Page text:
Money Matters 2A
The SALALM Endowment and Endow Our Future
Like nearly all non-profit organizations nowadays, SALALM made the prudent decision years ago to begin saving and investing as financial circumstances allowed in order to continue the organization’s work during times of financial difficulties. Building an endowment strictly from members’ annual donations and bequests is a slow process, but as our history indicates, a steady one. Through the generosity of many of you, as well as past members no longer with us, the value of SALALM’s work is reconfirmed in a tangible way. Taken more broadly, these donations represent belief in our leadership, our mission, and our community of Latin American specialists. As such, the Finance Committee members have dedicated much thought to investing prudently for our future. At the June 2012 Executive Board meeting, approval was granted for the Finance Committee’s recommendation to retain the services of professional management with TIAA-CREF. Many of you have your pensions with them so should be familiar with this non-profit organization specializing in serving the needs of educational institutions. With a balance of nearly $800,000, TIAA-CREF management should ensure our funds for sustaining SALALM into the future through expertise and responsiveness to market conditions.
One of the guiding principles of endowment management is not to dip into principal for operating or capital expenses. As nearly all of our income comes from donations and membership fees, and our expenses of operating the Secretariat and producing publications are fairly constant, planning should be straightforward. When it is not, then we have had to utilize endowed funds. In recent years, these measures have been related to shortfalls of income from membership renewals. Because our investments generate dividends and capital gains, all untaxed with the exception of foreign tax payments required by the IRS, we have been able to utilize these streams of income when necessary, and often are able to reinvest them to grow the endowment. As the new management plots our income needs and matches them with returns from investments, we’ll have a clearer idea whether we can continue as we have, or if taking out 3 or 4 percent annually becomes practical to assist in the underwriting of new ventures and initiatives.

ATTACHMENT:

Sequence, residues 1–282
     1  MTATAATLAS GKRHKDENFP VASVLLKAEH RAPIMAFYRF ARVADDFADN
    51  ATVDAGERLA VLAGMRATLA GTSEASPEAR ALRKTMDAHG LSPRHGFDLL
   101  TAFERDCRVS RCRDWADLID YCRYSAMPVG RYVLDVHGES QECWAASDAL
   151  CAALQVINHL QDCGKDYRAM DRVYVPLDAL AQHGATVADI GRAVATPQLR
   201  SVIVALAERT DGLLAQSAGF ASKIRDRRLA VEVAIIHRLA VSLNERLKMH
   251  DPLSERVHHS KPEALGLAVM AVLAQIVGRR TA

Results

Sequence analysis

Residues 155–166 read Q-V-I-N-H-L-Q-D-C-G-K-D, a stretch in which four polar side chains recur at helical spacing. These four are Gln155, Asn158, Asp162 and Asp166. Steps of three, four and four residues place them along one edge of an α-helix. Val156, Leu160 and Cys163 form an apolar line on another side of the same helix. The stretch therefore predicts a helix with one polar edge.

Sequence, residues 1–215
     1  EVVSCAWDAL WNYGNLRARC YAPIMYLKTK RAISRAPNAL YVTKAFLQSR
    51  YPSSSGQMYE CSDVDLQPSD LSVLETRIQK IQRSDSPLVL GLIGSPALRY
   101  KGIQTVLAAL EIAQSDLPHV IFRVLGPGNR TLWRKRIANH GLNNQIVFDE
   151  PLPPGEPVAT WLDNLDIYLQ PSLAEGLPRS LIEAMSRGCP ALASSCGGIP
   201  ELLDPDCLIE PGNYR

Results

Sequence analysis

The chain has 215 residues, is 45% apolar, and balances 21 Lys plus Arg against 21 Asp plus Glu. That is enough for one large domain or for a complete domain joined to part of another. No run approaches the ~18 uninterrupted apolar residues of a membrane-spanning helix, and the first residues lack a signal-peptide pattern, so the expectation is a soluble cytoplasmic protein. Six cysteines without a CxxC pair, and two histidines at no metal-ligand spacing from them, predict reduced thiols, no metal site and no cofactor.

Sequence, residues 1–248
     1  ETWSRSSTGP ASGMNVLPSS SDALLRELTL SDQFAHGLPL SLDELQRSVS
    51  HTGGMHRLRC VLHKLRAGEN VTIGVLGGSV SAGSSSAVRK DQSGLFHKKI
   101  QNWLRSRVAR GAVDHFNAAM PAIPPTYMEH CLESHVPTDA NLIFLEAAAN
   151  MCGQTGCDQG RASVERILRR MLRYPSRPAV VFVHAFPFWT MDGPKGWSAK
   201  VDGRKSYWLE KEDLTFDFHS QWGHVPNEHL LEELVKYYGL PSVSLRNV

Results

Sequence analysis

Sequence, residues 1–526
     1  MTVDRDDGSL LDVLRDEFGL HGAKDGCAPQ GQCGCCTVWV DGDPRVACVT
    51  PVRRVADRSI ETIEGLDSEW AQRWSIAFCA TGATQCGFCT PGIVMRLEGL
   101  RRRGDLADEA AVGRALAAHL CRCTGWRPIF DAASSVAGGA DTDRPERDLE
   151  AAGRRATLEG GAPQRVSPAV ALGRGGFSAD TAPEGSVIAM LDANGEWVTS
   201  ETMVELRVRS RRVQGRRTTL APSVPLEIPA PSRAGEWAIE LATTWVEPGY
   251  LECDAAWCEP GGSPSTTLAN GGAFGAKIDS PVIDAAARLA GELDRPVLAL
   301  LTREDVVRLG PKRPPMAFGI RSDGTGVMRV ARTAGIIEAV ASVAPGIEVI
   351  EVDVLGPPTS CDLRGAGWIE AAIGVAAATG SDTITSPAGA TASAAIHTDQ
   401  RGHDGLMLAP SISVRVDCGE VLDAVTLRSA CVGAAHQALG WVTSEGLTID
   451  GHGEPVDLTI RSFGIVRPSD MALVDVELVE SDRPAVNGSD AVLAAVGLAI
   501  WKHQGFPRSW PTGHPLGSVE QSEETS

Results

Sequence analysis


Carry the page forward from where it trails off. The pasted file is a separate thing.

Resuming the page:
SALALM continually evolves, reflecting the changing circumstances of research, publication, distribution, and technology. But regardless of such changes, we must be capable of replicating ourselves as subject specialists, whether via full-time or part-time employment in different work environments. Toward meeting this objective, we now offer four SALALM Scholarships ($1000 each) for those studying in MA-level programs for archives or information science, and who have a strong dedication and interest in Latin America with focus on academic or research library employment. We also are devising a variety of measures to make SALALM student membership more attractive, including a mentorship program. As always, your suggestions and participation are essential to keep SALALM relevant to the rising generation of specialists.
For those of us who joined SALALM in the 1960s – 1980s, the benefits of membership and fellowship are evident in our careers. Please consider whether you would like to further strengthen the organization for the future with a bequest from your estate to Endow Our Future or other work of SALALM. As a non-profit charity, such bequests are treated by the Federal estate tax as qualifying to reduce the size of the estate. Should you have any questions, please contact me at firstname.lastname@example.org
In sum, these are our measures to strengthen today’s SALALM and contribute to its ability to serve future Latin Americanists. As always, your suggestions are welcome. Please consider joining the Finance Committee when you designate your committee choices with membership renewal. If you have not renewed your membership, I urge you to do so today.
Peter T. Johnson, Treasurer
December 12, 2012